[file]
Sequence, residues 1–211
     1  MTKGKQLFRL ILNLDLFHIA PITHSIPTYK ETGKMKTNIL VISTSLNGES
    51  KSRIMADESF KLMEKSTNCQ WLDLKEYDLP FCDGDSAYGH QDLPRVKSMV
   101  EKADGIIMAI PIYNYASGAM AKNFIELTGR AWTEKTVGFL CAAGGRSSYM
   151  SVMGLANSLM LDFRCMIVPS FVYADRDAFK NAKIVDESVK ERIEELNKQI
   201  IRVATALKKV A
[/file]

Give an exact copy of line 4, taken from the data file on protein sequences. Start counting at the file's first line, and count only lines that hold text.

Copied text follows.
   101  EKADGIIMAI PIYNYASGAM AKNFIELTGR AWTEKTVGFL CAAGGRSSYM